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Appeals court reverses, finds judgment on pleadings for insurer

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An Orange Circuit Court judge erred when he failed to approve an insurer’s motion for judgment on the pleadings, and the Court of Appeals on Tuesday ordered the case remanded and such a ruling entered.

On interlocutory appeal, the panel ordered judgment on the pleadings in favor of the insurer in Consolidated Insurance Company v. National Water Services LLC,  59A05-1212-PL-632. National Water sued CIC in an attempt to recover $497,500 under a policy for dishonest employees.

NWS sought to recover after it had sued a former employee, David Arnold, claiming that he had misappropriated $1,178,054 from the company. Arnold removed the suit to U.S. District Court for the Southern District of Indiana in New Albany. Arnold said the accusations were false, and he filed a counterclaim of libel and defamation against NWS.

The water company settled and released Arnold, who agreed to pay NWS a sum of $30,000, according to the record. But settling with Arnold voided the insurer’s coverage, and CIC therefore is entitled to judgment on the pleadings, the panel held.

“NWS settled with Arnold and, in so doing, executed the Release which released Arnold ‘for all claims which [NWS] has or could have asserted, known and unknown, arising out of the employment of Arnold by NWS both as an employee and an independent contractor,’” Judge Elaine Brown wrote for the panel.

“This Release ‘after loss’ destroyed CIC’s right of subrogation and was a breach of contract on NWS’s part, therefore discharging CIC from obligation under the Policy to provide coverage. Accordingly, we conclude that the court erred when it denied CIC’s motion for judgment on the pleadings.”

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  3. The practitioners and judges who hail E-filing as the Saviour of the West need to contain their respective excitements. E-filing is federal court requires the practitioner to cram his motion practice into pigeonholes created by IT people. Compound motions or those seeking alternative relief are effectively barred, unless the practitioner wants to receive a tart note from some functionary admonishing about the "problem". E-filing is just another method by which courts and judges transfer their burden to practitioners, who are the really the only powerless components of the system. Of COURSE it is easier for the court to require all of its imput to conform to certain formats, but this imposition does NOT improve the quality of the practice of law and does NOT improve the ability of the practitioner to advocate for his client or to fashion pleadings that exactly conform to his client's best interests. And we should be very wary of the disingenuous pablum about the costs. The courts will find a way to stick it to the practitioner. Lake County is a VERY good example of this rapaciousness. Any one who does not believe this is invited to review the various special fees that system imposes upon practitioners- as practitioners- and upon each case ON TOP of the court costs normal in every case manually filed. Jurisprudence according to Aldous Huxley.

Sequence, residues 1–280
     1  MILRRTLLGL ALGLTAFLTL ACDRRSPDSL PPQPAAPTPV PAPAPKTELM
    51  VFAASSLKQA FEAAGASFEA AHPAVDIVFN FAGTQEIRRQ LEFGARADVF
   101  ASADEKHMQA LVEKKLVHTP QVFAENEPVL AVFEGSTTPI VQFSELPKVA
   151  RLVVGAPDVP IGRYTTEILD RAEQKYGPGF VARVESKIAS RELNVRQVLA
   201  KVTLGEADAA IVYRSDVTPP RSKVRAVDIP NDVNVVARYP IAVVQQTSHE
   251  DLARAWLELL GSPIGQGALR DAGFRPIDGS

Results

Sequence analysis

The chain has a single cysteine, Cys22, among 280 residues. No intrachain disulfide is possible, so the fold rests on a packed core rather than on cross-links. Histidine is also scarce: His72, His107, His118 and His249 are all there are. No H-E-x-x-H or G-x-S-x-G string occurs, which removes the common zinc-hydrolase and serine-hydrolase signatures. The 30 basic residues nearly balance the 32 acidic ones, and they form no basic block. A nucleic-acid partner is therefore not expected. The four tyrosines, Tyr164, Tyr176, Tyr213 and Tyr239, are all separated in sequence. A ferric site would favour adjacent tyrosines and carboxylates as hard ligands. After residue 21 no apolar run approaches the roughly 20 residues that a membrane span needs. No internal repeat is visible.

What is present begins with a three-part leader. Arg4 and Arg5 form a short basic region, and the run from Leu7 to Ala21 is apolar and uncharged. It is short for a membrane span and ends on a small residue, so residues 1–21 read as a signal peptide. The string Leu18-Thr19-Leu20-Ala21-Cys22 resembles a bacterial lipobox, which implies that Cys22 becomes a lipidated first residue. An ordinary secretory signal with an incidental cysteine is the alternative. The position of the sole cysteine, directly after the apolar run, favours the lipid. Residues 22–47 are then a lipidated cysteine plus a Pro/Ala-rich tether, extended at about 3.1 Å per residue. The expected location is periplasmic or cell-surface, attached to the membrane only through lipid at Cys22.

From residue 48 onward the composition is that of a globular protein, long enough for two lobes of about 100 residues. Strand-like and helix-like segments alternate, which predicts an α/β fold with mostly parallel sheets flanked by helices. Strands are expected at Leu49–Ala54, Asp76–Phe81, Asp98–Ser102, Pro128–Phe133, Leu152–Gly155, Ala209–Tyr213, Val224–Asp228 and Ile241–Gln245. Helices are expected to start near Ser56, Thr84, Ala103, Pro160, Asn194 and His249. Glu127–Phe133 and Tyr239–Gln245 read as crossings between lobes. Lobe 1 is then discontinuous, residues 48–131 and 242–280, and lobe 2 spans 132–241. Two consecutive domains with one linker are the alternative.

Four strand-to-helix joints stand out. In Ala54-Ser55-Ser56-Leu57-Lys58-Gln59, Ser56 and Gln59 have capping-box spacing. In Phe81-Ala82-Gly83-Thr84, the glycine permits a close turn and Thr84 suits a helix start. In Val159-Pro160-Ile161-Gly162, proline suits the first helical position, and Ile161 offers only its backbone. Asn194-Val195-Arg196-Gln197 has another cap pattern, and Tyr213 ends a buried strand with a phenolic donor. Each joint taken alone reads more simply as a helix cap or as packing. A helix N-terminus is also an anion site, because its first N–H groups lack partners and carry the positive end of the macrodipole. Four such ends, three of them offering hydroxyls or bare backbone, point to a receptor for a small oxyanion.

4. Any attorneys who practice in federal court should be able to say the same as I can ... efiling is great. I have been doing it in fed court since it started way back. Pacer has its drawbacks, but the ability to hit an e-docket and pull up anything and everything onscreen is a huge plus for a litigator, eps the sole practitioner, who lacks a filing clerk and the paralegal support of large firms. Were I an Indiana attorney I would welcome this great step forward.

  5. Can we get full disclosure on lobbyist's payments to legislatures such as Mr Buck? AS long as there are idiots that are disrespectful of neighbors and intent on shooting fireworks every night, some kind of regulations are needed.

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